Epidermal growth factor receptor polymorphism and autosomal dominant polycystic kidney disease.

Riccardo Magistroni, Paolo Manfredini, Luciana Furci, Giulia Ligabue, Carla Martino, Marco Leonelli, Chiara Scapoli, Alberto Albertazzi

Research output: Contribution to journalArticlepeer-review


BACKGROUND: The clinical variability in the rate of progression of autosomal dominant polycystic kidney disease (ADPKD) has been attributed to genetic heterogeneity, though environmental factors and modifying genes very likely play an important role as well. We examined the association between clinical outcome, defined by age at onset of end-stage renal disease (ESRD) in 46 ADPKD patients, and a polymorphism in the epidermal growth factor receptor (EGFR) gene, a candidate modifying gene. EGFR is a key element in renal tubular proliferation. METHODS: This study comprised 46 unrelated patients with ADPKD and ESRD, and 58 healthy controls. The patients had prevalently PKD 1 mutations. The EGFR microsatellite polymorphism was genotyped according to Gebhardt et al (11). RESULTS: The allele frequencies of the EGFR polymorphism were different in the ADPKD sample and the control population (G2=17.19; P=0.009). In particular, the frequencies of the 122 and 118bp length alleles had a different distribution (P=0.010 and P=0.047 respectively). Patients with the 122bp length polymorphism had ESRD at an earlier age,but this finding was not statistically significant. CONCLUSIONS: These findings suggest an association between the EGFR microsatellite polymorphism and ADPKD. However, it is difficult to establish which alleles are protective and which harmful. A larger, multicenter study may help clarify these results and is also required to replicate our preliminary finding of an association between ADPKD and the EGFR polymorphism.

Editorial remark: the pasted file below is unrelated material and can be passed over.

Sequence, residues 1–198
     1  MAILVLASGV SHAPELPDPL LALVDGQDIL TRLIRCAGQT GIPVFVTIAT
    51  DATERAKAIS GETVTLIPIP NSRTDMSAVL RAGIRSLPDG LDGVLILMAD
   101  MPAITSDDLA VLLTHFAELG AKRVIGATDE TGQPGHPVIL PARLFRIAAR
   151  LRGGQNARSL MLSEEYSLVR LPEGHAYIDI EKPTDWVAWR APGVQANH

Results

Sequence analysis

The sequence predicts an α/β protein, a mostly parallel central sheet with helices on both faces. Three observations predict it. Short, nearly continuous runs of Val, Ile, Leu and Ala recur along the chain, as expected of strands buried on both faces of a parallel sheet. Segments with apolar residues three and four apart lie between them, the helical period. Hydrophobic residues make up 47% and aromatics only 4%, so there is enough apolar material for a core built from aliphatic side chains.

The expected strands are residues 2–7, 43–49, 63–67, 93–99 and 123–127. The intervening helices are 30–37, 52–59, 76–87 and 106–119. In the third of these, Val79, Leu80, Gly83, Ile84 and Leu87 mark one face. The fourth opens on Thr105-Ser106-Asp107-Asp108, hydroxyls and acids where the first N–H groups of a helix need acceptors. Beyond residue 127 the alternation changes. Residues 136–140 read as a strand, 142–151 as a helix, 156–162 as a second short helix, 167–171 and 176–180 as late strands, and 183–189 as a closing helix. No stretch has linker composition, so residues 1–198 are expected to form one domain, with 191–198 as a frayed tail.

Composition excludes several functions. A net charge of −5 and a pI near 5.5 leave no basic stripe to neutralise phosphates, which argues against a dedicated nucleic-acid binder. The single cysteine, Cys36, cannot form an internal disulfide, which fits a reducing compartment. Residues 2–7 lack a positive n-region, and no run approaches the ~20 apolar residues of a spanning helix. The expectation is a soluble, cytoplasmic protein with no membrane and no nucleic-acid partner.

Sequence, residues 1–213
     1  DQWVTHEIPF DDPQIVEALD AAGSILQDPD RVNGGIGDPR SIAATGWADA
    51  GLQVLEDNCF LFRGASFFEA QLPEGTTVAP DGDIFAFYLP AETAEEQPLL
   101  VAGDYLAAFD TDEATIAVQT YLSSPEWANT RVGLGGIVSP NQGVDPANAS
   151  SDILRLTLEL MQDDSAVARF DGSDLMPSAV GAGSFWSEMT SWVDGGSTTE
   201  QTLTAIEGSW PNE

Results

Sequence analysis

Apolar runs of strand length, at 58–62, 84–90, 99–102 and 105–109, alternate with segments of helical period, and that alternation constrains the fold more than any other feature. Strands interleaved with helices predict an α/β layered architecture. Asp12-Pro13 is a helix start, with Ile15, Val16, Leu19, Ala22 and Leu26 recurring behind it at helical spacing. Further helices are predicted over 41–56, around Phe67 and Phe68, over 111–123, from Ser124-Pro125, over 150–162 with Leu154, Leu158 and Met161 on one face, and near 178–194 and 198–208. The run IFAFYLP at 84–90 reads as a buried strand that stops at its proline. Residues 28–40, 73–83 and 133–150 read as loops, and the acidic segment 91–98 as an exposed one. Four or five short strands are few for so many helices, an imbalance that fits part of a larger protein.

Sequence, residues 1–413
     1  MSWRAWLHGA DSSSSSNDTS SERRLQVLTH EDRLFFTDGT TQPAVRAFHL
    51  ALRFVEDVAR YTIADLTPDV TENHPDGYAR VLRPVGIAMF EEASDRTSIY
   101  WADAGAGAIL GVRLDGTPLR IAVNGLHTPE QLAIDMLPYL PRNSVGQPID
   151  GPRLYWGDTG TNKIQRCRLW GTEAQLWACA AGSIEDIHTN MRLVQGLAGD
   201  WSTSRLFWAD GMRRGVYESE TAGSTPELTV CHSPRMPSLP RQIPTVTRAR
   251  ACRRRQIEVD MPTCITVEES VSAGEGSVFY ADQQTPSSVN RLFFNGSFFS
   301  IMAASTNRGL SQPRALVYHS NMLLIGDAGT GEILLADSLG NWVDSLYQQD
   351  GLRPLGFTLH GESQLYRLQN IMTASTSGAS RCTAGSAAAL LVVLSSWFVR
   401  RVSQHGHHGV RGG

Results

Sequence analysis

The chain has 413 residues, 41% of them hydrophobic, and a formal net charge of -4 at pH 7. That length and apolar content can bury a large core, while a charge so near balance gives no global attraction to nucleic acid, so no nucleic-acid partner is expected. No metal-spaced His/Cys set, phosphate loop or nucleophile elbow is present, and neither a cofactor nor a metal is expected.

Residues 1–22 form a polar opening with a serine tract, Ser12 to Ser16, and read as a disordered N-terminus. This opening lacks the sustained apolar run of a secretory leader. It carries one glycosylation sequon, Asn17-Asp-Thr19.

Original languageEnglish
Pages (from-to)110-115
Number of pages6
JournalJournal of Nephrology
Issue number1
Publication statusPublished - Jan 2003

ASJC Scopus subject areas

  • Nephrology


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